You realise you’re getting old when you know Stone Roses and Rod Stewart are playing in Carlisle and you really don’t give a damn.

Not that there’s anything wrong with either – quite like both, to be honest. And it’s great that they’d even consider gracing our Great Border Outback.

But when the prospect of doing the live gig thing, as opposed to pouring a glass of wine and listening to a CD, leaves you cold, it’s clear something has been deleted from the old vim and vigour.

I used to have both. At least I think so. But now I’m keenly aware of having lost one of them. I’m just not entirely sure which one has abandoned.

There was a time when I’d travel the length of breadth of the country to see and hear live music performers, with crowds of likeminded, impassioned fans.

Pop, hard rock, jazz – more the latter than either of the former – were my passion.

Michael Jackson, Genesis, The Rolling Stones, Bruce Springsteen, the Groundhogs… and yes, I did Rod’s Faces too.

Duke Ellington, Basie, Ella, Buddy Rich, Chris Barber.

I was and am a huge fan of big bands.

Anne Pickles In fact, one of my proudest and most treasured memories is of me – unaware of prestige gig etiquette – standing mid A Train and wandering off to find the loos, only to have Count Basie halt the whole kit and caboodle and play, sweetly, on his piano: We Know Where You’re Going.

I was mortified at the time, obviously. But I’m quietly proud that they still talk of it in West Yorkshire.

And Basie did wave affectionately… jazz guys are nice like that.

And there’s another thing.

You know you’re knocking on when your first consideration is the loos.

Where they will be, how long will you need to queue for them, what state will they be in – that kind of thing.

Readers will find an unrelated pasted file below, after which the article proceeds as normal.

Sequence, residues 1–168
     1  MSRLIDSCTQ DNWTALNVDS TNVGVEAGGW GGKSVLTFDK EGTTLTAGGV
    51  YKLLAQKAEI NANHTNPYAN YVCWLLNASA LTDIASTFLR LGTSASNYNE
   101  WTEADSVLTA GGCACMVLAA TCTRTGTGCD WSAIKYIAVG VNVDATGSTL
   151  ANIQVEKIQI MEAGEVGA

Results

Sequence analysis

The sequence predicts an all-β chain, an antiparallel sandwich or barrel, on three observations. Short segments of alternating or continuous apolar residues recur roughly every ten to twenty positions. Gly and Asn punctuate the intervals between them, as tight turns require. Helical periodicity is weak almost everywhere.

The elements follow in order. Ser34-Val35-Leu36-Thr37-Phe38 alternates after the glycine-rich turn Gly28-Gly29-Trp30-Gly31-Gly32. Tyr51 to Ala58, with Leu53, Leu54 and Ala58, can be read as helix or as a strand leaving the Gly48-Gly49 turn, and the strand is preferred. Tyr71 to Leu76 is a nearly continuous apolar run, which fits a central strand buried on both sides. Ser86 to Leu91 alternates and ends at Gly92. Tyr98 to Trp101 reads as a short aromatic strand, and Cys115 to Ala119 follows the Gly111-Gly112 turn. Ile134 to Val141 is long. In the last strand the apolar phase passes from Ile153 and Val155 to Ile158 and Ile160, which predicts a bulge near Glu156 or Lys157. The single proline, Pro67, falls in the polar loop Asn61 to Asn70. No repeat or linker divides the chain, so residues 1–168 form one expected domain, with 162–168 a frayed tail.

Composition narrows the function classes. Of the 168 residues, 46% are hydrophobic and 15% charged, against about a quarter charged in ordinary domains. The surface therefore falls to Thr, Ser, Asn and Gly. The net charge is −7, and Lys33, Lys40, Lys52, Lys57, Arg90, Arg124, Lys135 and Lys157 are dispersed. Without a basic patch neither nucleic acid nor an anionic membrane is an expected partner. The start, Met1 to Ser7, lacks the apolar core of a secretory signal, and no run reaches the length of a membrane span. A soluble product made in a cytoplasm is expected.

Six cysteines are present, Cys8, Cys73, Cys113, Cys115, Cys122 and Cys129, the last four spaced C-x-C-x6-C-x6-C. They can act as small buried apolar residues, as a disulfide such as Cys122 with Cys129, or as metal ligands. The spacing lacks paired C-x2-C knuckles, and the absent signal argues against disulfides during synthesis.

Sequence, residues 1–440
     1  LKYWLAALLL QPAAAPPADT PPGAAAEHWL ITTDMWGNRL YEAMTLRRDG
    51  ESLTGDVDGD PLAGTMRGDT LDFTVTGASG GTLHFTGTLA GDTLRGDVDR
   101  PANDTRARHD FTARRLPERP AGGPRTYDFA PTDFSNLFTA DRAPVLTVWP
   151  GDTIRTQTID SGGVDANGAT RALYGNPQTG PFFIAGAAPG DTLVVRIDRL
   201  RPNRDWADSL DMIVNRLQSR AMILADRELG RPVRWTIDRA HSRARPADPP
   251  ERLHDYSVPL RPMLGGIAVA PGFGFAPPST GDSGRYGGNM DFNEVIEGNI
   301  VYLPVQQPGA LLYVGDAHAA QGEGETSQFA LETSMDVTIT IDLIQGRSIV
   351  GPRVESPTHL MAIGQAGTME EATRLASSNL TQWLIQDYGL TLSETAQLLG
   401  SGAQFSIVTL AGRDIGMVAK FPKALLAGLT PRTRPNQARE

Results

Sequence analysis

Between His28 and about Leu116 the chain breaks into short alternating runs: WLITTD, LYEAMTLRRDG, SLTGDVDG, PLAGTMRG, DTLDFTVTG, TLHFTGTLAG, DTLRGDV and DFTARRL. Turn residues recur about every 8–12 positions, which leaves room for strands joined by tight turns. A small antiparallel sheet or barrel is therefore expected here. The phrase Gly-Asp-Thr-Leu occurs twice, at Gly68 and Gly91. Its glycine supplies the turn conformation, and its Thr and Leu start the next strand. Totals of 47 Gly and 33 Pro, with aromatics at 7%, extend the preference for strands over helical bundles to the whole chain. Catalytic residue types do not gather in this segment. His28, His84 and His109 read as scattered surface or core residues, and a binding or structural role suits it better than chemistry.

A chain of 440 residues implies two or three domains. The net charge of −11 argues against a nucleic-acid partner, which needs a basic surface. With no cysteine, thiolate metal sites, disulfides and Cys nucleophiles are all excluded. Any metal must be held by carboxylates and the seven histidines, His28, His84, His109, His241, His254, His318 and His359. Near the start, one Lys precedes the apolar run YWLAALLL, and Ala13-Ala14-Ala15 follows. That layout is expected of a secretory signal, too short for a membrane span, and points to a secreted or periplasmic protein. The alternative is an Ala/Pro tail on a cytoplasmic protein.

All of the above tends to keep me away from big gigs and festivals – of which Cumbria has many.

There comes a time when boring basics matter.

Ladies of a certain age prefer nice toilets with mirrors, scented soaps, dry floors... know what I mean?

So yes, it’s time to admit my gigging days are over. They are in the past. Fun while they lasted and while nasty loos didn’t bother me.

But now… I don’t mind so much, if I’m honest.

There’s a time for everything and that particular ship has sailed.

The good thing is that younger folks who don’t mind much about where they wee, still support live music the way I used to.

More power to them.

Go, enjoy! Be silly, excited, elated. Sing, dance and shine your lights.

Because I can’t begin to imagine how musicians – of whatever genre – will ever make any kind of living if what they create, with unique originality, is only ever downloaded free from YouTube, Spotify or whatever no-pay streaming service is used to rip them off.

That’s sad. Sadder than worrying about dodgy toilets, parking and the rest.

It raises red flags, warning of the death of music.

So, more than sad, it’s scary.

My brother is a musician. Well, he plays lead guitar in a band which performs most weekend evenings, up and down the country.

He streams free music through sophisticated, expensive equipment all the time.

“Would you play for no money?” I ask him.

“Get real, Annie. That’s different,” he keeps saying.

I still don’t know how it can be.

But I do know that music is more than the food of love, it’s the uplifting substance of life.

And I’d hate to have to exist without it.

I still buy CDs. That makes me an old fogey in this digital, freebie-downloading age. But I wouldn’t work for nothing, so I fail to see why musicians – who give me such pleasure – should either.

And, if in argumentative mood, you want to know why I don’t do big gigs – well, in defence, I can only offer up the fact that I was there once, I did that.

But now… toilets and advanced age. It comes to us all.